This commentary originally appeared in the Dallas Morning News.
The Texas Legislature and governor deserve a round of applause for their work during the recent legislative session to strengthen Child Protective Services, keep kids safe, and ensure more kids thrive after they enter foster care. The applause should be loud, but make it quick because there's a lot more work to do.
Last year, it became abundantly clear that there was a crisis. Media reports put a spotlight on tragically slow investigations of abuse, children sleeping in CPS offices, and other concerns. After years of reviewing evidence and testimony in a class action lawsuit against the state foster care system, the federal court released its initial ruling. The horror stories documented in the ruling made it clear that Texas leaders didn't just have a legal obligation to act, but also a moral obligation. Legislative leaders asked the commissioner of the Department of Family and Protective Services what he needed, and he had the courage to tell them.
State leaders responded, first in December and then again in the legislative session, with a major boost in funding to stabilize the CPS workforce. The latest statistics show that the investment is already paying off for kids. With caseworker turnover and caseloads declining, endangered kids aren't waiting as long for caseworkers to check on them.
The Legislature also increased funding to bring more foster homes and services on line. Additionally, lawmakers passed bills to thoughtfully expand community-based foster care; improve oversight of homes serving kids in foster care; provide more support for grandparents and others who take in young relatives from unsafe homes; prepare older youth for life after they leave foster care; and other reforms. These investments and policy changes should make the system safer and better for kids.
But a closer look at this session makes it clear that there is still unfinished business.
The Legislature did not pass any bills aimed at finding emergency placements for children who are stuck sleeping in CPS offices. Some of the efforts this session will ultimately lead to better placement options for these kids, but not for several years.
Kids sleeping in CPS offices is just one of the issues that the federal court flagged and that legislators unsuccessfully tried to address this session. Additionally, legislators tried to require children to have legal representation for the duration of their time in care, but the measure came up short this session. Lawmakers also attempted to ensure that health care for foster kids is consistent with the guidelines from the American Academy of Pediatrics, but they didn't quite get the job done.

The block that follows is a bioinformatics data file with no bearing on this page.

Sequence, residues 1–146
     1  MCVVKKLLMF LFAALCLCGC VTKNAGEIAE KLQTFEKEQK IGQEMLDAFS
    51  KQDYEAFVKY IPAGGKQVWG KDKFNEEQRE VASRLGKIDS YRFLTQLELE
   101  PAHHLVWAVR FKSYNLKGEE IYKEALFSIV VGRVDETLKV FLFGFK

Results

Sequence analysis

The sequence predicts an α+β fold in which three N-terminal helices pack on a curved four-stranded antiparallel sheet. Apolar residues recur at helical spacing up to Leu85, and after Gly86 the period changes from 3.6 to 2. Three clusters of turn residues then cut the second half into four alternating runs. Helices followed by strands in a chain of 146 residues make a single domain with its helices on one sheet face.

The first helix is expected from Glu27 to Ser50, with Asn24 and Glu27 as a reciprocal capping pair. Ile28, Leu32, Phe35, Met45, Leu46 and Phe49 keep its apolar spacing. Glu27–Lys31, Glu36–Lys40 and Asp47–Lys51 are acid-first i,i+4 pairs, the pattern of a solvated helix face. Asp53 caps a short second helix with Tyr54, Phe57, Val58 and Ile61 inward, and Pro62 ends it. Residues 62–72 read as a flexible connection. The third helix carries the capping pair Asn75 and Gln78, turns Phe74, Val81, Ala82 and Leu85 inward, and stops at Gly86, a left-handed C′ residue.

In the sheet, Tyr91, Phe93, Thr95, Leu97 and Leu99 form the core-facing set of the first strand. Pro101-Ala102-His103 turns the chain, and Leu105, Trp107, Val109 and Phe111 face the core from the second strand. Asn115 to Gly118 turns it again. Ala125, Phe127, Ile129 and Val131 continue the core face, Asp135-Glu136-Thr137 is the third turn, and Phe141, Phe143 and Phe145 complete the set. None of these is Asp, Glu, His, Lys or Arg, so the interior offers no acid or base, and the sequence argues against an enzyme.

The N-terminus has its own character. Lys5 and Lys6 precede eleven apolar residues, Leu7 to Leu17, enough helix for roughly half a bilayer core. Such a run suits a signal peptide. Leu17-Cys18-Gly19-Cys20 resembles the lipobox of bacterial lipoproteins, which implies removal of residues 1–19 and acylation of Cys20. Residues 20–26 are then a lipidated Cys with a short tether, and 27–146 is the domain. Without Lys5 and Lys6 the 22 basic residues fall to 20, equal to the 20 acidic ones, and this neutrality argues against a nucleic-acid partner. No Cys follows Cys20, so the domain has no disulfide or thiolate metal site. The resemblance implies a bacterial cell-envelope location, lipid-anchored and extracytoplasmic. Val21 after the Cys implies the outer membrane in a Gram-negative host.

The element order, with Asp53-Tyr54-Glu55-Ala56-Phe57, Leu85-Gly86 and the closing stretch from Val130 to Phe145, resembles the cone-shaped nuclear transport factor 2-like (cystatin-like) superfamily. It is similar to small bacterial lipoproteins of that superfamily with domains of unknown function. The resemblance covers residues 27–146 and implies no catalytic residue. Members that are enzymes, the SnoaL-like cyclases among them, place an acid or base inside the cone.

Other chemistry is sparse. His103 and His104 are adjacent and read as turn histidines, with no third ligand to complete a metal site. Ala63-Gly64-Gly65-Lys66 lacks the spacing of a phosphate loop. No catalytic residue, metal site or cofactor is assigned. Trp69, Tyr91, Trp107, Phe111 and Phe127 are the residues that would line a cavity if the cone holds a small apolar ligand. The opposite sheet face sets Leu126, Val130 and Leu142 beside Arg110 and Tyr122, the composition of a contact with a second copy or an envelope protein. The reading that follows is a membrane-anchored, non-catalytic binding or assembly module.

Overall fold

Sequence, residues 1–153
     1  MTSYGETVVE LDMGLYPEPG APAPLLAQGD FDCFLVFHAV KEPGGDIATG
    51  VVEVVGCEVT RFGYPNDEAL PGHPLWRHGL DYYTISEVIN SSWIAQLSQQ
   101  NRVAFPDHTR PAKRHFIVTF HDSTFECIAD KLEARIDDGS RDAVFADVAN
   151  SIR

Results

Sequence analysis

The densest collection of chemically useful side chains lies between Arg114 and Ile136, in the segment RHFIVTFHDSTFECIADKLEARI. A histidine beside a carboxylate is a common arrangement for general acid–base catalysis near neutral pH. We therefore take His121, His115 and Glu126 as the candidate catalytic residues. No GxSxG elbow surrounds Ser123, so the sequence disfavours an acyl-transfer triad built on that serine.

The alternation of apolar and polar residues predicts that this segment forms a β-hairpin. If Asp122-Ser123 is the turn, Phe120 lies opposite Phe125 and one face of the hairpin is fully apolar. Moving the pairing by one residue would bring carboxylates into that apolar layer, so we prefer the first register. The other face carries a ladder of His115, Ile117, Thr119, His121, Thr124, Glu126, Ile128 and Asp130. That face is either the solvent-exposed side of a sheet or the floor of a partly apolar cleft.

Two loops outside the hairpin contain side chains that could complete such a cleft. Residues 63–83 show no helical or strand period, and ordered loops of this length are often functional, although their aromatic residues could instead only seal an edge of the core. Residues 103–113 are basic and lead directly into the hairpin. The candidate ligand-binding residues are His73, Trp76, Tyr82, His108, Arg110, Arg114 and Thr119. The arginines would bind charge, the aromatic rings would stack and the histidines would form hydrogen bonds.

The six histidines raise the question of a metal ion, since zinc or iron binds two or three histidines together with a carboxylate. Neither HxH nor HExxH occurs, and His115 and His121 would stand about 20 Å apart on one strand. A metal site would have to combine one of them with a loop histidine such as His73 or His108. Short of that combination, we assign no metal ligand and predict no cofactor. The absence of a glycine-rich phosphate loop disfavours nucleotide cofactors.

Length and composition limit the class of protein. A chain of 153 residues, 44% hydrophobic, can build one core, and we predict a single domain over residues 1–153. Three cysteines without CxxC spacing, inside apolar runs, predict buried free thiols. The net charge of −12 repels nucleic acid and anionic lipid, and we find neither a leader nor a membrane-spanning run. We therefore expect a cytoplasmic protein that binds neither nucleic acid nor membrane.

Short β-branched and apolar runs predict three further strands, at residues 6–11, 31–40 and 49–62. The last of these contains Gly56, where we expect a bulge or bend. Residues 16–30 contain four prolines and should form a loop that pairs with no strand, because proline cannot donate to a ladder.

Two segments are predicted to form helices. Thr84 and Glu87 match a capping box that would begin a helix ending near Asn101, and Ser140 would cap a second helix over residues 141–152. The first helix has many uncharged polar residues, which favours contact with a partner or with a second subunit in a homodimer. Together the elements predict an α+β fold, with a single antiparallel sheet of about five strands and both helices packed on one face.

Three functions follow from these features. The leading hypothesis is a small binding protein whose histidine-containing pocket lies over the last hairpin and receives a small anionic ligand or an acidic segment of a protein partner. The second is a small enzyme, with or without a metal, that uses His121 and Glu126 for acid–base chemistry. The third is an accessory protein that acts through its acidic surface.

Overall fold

Similarly, the big funding hike provided by the Legislature only covered about half of the increase that CPS said was necessary to keep kids safe. In fact, because past Legislatures underfunded CPS so severely, the additional appropriation this session still leaves the state far below the national average for per capita child welfare funding.
With so much on the Legislature's plate this session, other needed improvements recommended by the federal court didn't even make it onto the agenda. Examples include improving the CPS data system and ensuring children in foster care get to meet with their main advocates — caseworkers — at least once each month.
In addition to addressing this unfinished business, state officials will have to closely monitor the implementation of bills passed this session. The federal judge and many stakeholders essentially stamped proceed with caution on the effort to expand of community-based foster care, for example, highlighting the need to keep a watchful eye on the roll out. Other bills passed this session may undermine support for kids. One may steer more young foster children to group cottage homes rather than foster families, while another allows faith-based foster care providers receiving state funds to deny needed services to children.
State leaders should be ready to undo any measures that wind up hurting children and prepare to build on the important progress they made this session, especially after the federal court issues its final order. Thank your legislators for their efforts, but remember that years of deep, systemic challenges can't be resolved in a single 140-day legislative session.
Kate Murphy is Senior Policy Associate with Texans Care for Children.